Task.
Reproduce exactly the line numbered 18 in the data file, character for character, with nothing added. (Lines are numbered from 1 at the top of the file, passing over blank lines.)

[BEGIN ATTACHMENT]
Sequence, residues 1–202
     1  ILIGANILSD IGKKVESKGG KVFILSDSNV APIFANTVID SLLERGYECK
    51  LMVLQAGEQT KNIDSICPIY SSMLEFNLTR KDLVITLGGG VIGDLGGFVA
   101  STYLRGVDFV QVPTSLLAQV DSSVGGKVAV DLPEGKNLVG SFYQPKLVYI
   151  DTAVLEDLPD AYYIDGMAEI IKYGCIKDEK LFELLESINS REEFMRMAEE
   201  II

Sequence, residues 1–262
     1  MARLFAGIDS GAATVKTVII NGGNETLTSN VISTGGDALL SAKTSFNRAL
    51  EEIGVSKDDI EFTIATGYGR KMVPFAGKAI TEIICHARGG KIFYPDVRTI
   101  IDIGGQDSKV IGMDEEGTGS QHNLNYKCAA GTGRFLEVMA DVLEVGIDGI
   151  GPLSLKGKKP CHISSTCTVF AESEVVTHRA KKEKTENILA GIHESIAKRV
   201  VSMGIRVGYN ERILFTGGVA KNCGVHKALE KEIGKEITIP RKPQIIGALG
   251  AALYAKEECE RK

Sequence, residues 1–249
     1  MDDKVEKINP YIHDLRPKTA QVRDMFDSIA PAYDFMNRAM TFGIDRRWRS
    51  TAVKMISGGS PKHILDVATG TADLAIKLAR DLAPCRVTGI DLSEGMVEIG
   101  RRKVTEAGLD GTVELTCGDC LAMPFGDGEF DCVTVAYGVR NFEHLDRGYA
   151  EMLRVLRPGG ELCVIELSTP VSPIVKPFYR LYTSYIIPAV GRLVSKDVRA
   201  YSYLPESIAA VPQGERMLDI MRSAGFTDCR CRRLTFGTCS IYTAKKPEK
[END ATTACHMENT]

   151  EMLRVLRPGG ELCVIELSTP VSPIVKPFYR LYTSYIIPAV GRLVSKDVRA